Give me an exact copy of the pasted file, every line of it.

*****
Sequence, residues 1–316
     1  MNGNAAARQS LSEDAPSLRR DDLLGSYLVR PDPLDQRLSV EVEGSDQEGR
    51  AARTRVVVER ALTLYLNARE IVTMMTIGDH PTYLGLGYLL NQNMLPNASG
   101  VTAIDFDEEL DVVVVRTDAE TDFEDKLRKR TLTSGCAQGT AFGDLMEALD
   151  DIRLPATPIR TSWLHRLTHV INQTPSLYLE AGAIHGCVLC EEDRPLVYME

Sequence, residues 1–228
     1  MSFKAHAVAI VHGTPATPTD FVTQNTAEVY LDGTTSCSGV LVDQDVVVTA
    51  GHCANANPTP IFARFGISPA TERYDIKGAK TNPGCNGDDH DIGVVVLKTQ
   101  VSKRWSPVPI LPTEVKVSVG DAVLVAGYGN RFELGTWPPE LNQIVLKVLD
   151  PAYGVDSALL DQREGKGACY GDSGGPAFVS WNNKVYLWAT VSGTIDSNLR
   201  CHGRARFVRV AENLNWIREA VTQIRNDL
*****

Sequence, residues 1–316
     1  MNGNAAARQS LSEDAPSLRR DDLLGSYLVR PDPLDQRLSV EVEGSDQEGR
    51  AARTRVVVER ALTLYLNARE IVTMMTIGDH PTYLGLGYLL NQNMLPNASG
   101  VTAIDFDEEL DVVVVRTDAE TDFEDKLRKR TLTSGCAQGT AFGDLMEALD
   151  DIRLPATPIR TSWLHRLTHV INQTPSLYLE AGAIHGCVLC EEDRPLVYME

Sequence, residues 1–228
     1  MSFKAHAVAI VHGTPATPTD FVTQNTAEVY LDGTTSCSGV LVDQDVVVTA
    51  GHCANANPTP IFARFGISPA TERYDIKGAK TNPGCNGDDH DIGVVVLKTQ
   101  VSKRWSPVPI LPTEVKVSVG DAVLVAGYGN RFELGTWPPE LNQIVLKVLD
   151  PAYGVDSALL DQREGKGACY GDSGGPAFVS WNNKVYLWAT VSGTIDSNLR
   201  CHGRARFVRV AENLNWIREA VTQIRNDL